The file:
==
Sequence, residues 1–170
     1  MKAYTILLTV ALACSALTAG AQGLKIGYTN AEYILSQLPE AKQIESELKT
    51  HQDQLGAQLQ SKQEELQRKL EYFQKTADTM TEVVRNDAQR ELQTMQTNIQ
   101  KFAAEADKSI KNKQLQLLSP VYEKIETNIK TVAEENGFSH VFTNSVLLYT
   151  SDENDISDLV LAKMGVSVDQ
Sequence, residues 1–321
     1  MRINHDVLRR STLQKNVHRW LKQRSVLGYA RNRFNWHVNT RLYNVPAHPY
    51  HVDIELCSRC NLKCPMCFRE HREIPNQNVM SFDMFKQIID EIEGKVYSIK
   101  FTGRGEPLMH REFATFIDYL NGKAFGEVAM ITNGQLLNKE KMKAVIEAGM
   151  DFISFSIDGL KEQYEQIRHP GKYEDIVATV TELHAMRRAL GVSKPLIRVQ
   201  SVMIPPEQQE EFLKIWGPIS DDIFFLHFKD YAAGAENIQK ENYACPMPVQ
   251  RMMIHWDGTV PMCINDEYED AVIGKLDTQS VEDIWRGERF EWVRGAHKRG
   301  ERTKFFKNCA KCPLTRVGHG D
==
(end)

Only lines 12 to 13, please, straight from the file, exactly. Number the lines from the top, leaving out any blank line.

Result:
   251  RMMIHWDGTV PMCINDEYED AVIGKLDTQS VEDIWRGERF EWVRGAHKRG
   301  ERTKFFKNCA KCPLTRVGHG D